Monolith doesn't only bite you in one way. Lately I have been in a project with thousands of developers working on the same git repo. Every day there would be dozens of new branch and hundreds of new commits. Don't mention that some guys would push an image file of 50M. You could imagine the painful routine of pulling.
There are several ways to handle this, and finally I've found my favourite one. During the finding I also kinda get clear of the mechanisms behind git.
git fetch origin <branch_name>, git will only download the missing "objects" necessary for
the specified remote branch. Then if that branch is within the range of
which be default will contain all branches, the remote ref will be updated.
All left is to manually run
git merge FETCH_HEAD, or simply replace
The downside of previous one is that I'm too lazy to remember updating branches in work. It occurs
to me a lot that I merge from an obsolete master to my working branch. That's why I use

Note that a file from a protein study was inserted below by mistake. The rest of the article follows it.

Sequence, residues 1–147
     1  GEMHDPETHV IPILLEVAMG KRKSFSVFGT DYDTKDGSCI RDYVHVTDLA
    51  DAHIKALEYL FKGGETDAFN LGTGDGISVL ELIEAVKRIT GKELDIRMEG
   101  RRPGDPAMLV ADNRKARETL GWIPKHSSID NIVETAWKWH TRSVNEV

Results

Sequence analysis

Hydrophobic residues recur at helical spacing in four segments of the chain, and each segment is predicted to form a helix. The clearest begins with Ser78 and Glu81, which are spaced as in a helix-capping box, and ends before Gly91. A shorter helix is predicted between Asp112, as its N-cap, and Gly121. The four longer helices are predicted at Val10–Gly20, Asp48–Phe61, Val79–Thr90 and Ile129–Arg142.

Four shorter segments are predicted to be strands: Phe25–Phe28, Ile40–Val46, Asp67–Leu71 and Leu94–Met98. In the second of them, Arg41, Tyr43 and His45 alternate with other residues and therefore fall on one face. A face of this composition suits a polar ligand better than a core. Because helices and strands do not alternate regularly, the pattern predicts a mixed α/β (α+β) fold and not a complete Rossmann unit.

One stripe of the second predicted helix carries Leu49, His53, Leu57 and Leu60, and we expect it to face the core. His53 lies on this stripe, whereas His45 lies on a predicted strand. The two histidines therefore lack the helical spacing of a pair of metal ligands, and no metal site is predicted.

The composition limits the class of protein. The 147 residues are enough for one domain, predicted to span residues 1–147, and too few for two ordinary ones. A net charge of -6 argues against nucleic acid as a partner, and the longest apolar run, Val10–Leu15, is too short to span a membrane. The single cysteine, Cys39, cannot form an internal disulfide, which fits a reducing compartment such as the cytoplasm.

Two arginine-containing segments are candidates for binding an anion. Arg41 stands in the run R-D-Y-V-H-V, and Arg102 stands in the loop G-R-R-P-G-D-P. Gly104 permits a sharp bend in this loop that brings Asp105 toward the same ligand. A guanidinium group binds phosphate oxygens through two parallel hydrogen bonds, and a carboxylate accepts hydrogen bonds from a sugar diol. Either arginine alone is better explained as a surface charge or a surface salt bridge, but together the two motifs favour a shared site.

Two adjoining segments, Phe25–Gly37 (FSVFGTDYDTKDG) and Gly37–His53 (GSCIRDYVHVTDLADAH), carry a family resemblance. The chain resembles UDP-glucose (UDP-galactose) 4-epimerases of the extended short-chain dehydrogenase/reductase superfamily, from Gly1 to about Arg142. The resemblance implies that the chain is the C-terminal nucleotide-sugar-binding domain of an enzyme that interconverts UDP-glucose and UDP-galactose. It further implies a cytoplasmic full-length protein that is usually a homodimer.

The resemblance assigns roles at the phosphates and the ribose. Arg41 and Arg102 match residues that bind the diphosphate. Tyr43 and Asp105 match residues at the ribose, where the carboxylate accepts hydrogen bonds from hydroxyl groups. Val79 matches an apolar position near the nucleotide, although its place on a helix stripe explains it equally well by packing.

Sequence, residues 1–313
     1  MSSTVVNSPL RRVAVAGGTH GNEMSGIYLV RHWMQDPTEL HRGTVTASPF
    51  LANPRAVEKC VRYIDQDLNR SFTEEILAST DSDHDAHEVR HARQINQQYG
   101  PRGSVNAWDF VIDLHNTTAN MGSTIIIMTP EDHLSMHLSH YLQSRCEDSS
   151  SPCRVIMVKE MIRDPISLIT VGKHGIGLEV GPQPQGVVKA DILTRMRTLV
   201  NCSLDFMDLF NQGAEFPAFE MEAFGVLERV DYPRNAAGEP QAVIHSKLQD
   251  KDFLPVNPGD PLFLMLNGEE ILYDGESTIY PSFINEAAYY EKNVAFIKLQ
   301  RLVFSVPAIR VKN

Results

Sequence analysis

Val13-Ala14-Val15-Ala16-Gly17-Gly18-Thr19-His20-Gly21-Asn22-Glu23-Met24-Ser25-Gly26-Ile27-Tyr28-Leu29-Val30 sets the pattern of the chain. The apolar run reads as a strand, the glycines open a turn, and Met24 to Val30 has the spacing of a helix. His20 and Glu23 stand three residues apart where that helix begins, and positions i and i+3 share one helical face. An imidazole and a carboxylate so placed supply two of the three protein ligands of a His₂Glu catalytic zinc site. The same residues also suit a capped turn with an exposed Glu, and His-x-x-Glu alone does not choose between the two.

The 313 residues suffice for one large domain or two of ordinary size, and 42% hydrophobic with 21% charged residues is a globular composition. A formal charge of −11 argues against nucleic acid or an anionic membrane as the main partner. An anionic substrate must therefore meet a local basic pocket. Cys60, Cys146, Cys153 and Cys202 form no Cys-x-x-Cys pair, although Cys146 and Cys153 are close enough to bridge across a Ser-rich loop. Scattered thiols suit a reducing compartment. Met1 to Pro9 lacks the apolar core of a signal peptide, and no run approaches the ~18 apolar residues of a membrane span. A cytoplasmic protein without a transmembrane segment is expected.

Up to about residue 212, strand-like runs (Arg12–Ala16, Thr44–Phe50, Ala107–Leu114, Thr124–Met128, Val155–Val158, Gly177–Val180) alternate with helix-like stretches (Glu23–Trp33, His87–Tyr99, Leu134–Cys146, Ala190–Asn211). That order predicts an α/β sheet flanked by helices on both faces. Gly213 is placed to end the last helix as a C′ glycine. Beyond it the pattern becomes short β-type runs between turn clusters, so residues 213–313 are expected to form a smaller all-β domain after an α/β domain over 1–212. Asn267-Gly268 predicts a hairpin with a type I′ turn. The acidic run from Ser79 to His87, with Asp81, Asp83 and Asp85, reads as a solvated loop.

The problem is this won't work well with a huge repo.
hub sync won't take any parameters, only fetch
The solution is limiting the range in
remote.origin.fetch, I will only keep the master and working branch
there, by running
git remote set-branches origin <branch_name>.
That command actually is the shortcut to add an item in
remote.origin.fetch config. It's so much
easier to maintain then its raw version. Yet the cleanup needs to be done manually through editing
.git/config, but even you forgot it won't be lots of pain.
If you check
.git folder, there are quite a few ways to hack problems.
packed-refsIt's a condensed version of remote branch refs. Git will look at the
refsfolder first. If the branch is not found, it will check
packed-refs. This file is designed for performance and could be generated manually with
git pack-refs, though I'm not sure the automatic timing for it.
refsJust remove the whole refs folder won't break your git, it requires just another fetch and reset. Bear in mind
packed-refsneeds be removed as well.
git gc --prune=nowCould remove unlinked objects, pack loose objects, a must-do after a cleaning up of references